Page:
Free Swedish/Edmonds car seat program expands with help from Lynnwood Honda


Since 2007, Swedish/Edmonds has been providing new car seats free to parents in need, but the hospital soon will be able to provide many more, thanks to Lynnwood Honda.

The car seat program typically awards 12 seats per year but will soon receive over 100 car seats donated by Lynnwood Honda. For every new Honda purchased in November, funds will be donated to purchase car seats for new families that can’t afford a safe car seat for their new baby.

“All our babies have a car seat fitting before going home,” said Joyce Miller, childbirth center manager at Swedish/Edmonds. “We sometimes see unsafe car seats with broken or missing parts or it’s so old that it does not have the recommended five-point harness. Having to purchase another car seat that will keep their baby safe can be very challenging financially to some parents.”

Correctly used child safety seats are extremely effective and reduce the risk of death as much as 71 percent. According to the American Academy of Pediatrics, all infants and toddlers should ride in a rear-facing car safety seat until they are 2 years old or until they reach the highest weight or height allowed by their car safety seat’s manufacturer.

Previously, the car seat program relied exclusively on generous donations from the Lynnwood Kiwanis Club to purchase car seats. Now, with help from Lynnwood Honda, the program can help more people.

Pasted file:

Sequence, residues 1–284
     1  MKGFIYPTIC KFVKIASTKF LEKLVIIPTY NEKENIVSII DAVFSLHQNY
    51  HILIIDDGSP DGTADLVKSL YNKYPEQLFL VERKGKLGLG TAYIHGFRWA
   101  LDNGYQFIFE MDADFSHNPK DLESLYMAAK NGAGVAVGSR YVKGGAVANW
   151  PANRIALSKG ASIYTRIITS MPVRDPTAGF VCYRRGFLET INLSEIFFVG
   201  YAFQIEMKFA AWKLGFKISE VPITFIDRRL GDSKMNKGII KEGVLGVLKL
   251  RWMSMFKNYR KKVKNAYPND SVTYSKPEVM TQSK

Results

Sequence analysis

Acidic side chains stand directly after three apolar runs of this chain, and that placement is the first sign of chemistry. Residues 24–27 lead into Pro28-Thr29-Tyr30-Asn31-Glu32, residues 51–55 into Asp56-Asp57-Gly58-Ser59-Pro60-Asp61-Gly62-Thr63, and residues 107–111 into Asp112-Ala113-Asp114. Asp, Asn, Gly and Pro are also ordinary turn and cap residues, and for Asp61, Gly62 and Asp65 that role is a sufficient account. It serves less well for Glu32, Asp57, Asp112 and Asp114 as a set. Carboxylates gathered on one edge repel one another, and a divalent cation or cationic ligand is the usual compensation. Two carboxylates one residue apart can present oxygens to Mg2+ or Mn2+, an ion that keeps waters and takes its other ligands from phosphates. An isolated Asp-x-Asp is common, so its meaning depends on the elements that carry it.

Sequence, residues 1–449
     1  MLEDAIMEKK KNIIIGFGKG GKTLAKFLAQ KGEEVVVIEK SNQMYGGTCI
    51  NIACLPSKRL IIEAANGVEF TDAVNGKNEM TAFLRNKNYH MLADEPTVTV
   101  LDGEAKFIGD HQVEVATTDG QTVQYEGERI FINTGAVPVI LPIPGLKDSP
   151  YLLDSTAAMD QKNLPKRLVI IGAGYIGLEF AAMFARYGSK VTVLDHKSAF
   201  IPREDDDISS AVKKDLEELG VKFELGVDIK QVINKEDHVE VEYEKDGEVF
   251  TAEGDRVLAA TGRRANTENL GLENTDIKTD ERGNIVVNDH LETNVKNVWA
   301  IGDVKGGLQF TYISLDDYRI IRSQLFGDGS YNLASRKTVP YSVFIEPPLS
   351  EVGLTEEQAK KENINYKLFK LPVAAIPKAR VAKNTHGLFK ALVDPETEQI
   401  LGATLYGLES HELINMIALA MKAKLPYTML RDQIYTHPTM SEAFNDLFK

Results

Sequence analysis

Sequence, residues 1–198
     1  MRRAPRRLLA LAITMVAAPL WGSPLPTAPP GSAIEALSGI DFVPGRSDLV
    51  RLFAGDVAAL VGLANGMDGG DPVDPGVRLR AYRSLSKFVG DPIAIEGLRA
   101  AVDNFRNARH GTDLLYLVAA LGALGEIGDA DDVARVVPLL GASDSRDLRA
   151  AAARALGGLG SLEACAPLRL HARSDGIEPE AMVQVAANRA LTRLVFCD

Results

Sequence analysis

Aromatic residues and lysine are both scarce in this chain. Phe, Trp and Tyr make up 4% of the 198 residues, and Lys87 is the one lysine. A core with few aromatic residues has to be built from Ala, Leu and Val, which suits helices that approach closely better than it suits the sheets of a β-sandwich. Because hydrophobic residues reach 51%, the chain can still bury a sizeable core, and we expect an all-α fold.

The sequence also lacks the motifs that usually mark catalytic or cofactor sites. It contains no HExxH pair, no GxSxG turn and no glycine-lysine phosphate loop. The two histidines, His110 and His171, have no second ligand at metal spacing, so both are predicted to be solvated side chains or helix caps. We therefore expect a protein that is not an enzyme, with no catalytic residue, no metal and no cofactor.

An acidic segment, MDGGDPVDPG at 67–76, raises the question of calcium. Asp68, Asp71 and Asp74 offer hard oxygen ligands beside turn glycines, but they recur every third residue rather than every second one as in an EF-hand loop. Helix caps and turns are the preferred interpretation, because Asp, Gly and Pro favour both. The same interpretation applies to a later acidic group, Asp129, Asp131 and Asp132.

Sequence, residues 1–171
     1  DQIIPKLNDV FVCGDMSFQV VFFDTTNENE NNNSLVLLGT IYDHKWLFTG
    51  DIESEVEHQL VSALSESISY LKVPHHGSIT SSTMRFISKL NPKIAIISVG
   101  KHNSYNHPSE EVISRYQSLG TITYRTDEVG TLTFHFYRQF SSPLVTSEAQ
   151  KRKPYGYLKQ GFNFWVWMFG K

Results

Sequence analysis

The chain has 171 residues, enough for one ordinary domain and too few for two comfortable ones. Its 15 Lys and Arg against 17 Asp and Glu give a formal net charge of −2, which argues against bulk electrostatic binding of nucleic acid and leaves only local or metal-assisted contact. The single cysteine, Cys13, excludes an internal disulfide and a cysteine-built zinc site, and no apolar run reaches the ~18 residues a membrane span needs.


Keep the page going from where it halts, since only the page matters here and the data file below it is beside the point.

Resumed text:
“I think the car seat program at Swedish/Edmonds is a great idea and I’m glad Lynnwood Honda can help make the program even more successful,” said Wendy Popke, co-owner of Lynnwood Honda. “We’re a locally owned business celebrating our 30th anniversary and we’re always looking for ways to give back to our community. The car seats we are providing are the convertible type that adjusts from 5 to 50 pounds eliminating the need to purchase another seat after a baby is 6 months old.”

“We are so grateful for the generosity of Lynnwood Honda supporting the smallest members of our community,” said David Jaffe, interim chief administrative officer at Swedish/Edmonds. “What a great example of how local philanthropy can make such a difference with our neighbors in need.”

Earlier this year, the Childbirth Center at Swedish/Edmonds was remodeled and delivered the 60,000th baby since opening in 1964. This year, about 100 babies per month are born at the center.

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